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Prepare My Mission

Hi, I'm CJ.

Backstory:

I went on my first mission trip in 2008 to Kenya. I packed my passport in my left-back pocket and wore jeans. I set my hotel room on fire because I hadn't yet figured out how to use outlets and voltage the proper way outside of the United States. It was my first time out of the country, and needless to say, I was doing it wrong. I was ill-equipped.

Fast-forward to today. Over the past six years I've had the opportunity to work, volunteer, and travel with several missions organizations. I've learned a lot the hard way. All of that experience is now being poured into Prepare My Mission, a website dedicated to preparing others for their mission trip.

What I'm doing, summed up:

My website is dedicated to preparing others for their mission trip. With everything from packing tips to fundraising ideas to spiritual preparation to bug spray, we've got everything you need for an effective mission trip.

Content examples and snapshots (click on each visit the site and see the real thing):

Packing info for international travel:

Articles to help mission trip goers do everything from fundraise to share their testimony:

Gear to make missionary life easier in every corner of the globe (this is an example of one of my products):

Contact:

My name is CJ Palmer (@cjpalmeris).

My email is [email protected].

My project is Prepare My Mission (preparemymission.com, @prepmymission).

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Day Zero (March 12):

I'm entering this class with the hope of learning not just how to blurt out about my website and products, but how to strategically talk about what I have to offer to my audience. I don't want to just post about stuff on Twitter and Facebook. I want to have a plan. I want to be purposeful.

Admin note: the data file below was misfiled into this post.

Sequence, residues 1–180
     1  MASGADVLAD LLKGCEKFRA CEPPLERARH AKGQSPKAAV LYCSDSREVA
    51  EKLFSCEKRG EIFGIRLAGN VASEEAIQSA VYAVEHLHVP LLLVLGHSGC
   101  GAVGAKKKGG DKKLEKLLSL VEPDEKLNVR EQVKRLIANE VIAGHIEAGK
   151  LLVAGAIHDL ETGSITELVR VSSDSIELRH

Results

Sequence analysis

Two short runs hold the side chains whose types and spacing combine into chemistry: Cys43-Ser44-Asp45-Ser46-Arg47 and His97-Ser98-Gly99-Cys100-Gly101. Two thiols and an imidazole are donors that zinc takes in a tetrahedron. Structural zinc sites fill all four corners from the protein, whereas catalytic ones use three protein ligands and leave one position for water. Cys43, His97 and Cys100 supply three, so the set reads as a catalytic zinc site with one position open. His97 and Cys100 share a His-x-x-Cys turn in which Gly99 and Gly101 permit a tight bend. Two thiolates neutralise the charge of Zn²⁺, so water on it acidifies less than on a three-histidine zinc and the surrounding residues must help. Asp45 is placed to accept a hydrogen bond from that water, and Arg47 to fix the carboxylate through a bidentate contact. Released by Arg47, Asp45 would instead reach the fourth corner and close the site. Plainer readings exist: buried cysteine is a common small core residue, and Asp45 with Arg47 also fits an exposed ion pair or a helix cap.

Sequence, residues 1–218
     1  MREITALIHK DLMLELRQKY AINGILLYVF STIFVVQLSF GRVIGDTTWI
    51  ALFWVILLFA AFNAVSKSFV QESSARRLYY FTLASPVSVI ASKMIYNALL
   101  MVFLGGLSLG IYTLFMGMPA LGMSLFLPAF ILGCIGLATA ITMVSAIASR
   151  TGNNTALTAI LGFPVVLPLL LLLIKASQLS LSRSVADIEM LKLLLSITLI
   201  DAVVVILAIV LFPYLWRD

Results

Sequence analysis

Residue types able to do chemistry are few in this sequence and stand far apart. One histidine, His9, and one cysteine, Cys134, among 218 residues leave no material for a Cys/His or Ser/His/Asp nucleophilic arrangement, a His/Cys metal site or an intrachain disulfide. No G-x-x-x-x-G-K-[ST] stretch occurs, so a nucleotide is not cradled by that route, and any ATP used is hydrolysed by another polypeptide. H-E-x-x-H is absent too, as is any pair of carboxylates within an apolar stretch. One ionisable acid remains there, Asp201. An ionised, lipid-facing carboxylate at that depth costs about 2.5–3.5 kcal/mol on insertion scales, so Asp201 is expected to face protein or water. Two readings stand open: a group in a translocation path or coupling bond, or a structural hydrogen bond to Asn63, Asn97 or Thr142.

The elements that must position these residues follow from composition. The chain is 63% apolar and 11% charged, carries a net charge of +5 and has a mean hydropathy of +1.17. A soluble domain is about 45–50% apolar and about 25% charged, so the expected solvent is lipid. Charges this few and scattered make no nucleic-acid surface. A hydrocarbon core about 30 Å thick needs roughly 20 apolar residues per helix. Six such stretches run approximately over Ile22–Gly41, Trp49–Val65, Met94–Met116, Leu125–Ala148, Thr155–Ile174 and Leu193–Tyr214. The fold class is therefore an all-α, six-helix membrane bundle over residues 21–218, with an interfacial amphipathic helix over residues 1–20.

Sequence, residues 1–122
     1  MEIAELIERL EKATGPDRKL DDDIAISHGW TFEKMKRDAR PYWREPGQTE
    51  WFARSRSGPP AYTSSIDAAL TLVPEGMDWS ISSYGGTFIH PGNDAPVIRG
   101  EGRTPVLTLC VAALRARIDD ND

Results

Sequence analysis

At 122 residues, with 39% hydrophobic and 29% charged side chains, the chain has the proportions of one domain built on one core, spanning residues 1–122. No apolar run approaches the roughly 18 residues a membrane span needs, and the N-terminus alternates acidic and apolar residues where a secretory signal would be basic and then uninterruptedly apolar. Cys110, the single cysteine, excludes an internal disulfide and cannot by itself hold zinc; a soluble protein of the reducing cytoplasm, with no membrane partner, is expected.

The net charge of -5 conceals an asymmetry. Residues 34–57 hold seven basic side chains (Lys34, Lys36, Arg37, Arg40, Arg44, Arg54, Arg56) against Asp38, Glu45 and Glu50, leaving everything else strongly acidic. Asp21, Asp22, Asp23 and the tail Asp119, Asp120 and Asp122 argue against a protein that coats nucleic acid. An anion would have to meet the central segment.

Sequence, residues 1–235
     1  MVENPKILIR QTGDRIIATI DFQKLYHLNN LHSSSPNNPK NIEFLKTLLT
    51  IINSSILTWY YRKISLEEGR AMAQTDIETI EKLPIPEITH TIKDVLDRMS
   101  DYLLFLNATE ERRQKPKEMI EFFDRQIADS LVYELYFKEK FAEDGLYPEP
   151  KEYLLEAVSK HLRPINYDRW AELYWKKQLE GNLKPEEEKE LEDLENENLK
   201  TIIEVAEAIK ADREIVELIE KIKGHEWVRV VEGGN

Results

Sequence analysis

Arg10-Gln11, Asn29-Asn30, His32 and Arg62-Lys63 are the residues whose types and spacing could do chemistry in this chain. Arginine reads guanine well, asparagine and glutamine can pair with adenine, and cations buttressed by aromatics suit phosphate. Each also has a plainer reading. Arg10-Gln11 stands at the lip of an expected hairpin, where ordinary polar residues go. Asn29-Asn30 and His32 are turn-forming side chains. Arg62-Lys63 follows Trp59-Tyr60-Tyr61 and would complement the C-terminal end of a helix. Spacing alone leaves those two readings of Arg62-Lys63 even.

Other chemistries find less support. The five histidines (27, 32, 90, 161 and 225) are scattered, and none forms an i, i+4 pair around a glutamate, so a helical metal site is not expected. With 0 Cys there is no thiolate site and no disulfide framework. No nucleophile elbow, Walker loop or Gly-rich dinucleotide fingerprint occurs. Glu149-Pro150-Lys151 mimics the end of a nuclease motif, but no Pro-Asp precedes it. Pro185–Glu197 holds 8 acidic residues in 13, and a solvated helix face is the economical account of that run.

Day Two (March 14th):

Yesterday I worked through the 11 questions. This exercise was much more valuable than I thought. The two questions that had the greatest impact on me were, "What can we change" and, "What is the hard part?" For my context, the answers went hand-in-hand.

I can change the way people approach their mission trips. I can change their mindset, their spiritual position, how they pack, and what they bring. The hard part is convincing my audience that they need to be proactive about their mission trip, and that effective trips don't just happen.

But alas, a question! The people that are already proactive about their trip are already my customers. Should I gear my site and product marketing to them? (To the people that already care, and I'm just offering a solution?) Or should my marketing be focused on showing other people why they should care? (In which case, if they care, my products will be a natural solution.)

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